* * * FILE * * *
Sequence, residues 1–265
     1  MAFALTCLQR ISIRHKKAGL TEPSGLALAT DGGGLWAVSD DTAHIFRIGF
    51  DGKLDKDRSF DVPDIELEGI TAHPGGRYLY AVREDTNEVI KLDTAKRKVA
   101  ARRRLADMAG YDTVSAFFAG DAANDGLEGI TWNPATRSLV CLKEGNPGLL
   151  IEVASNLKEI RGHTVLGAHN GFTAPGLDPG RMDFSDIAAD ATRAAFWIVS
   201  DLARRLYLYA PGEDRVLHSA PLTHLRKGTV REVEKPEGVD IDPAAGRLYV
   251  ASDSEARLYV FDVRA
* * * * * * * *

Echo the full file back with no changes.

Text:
Sequence, residues 1–265
     1  MAFALTCLQR ISIRHKKAGL TEPSGLALAT DGGGLWAVSD DTAHIFRIGF
    51  DGKLDKDRSF DVPDIELEGI TAHPGGRYLY AVREDTNEVI KLDTAKRKVA
   101  ARRRLADMAG YDTVSAFFAG DAANDGLEGI TWNPATRSLV CLKEGNPGLL
   151  IEVASNLKEI RGHTVLGAHN GFTAPGLDPG RMDFSDIAAD ATRAAFWIVS
   201  DLARRLYLYA PGEDRVLHSA PLTHLRKGTV REVEKPEGVD IDPAAGRLYV
   251  ASDSEARLYV FDVRA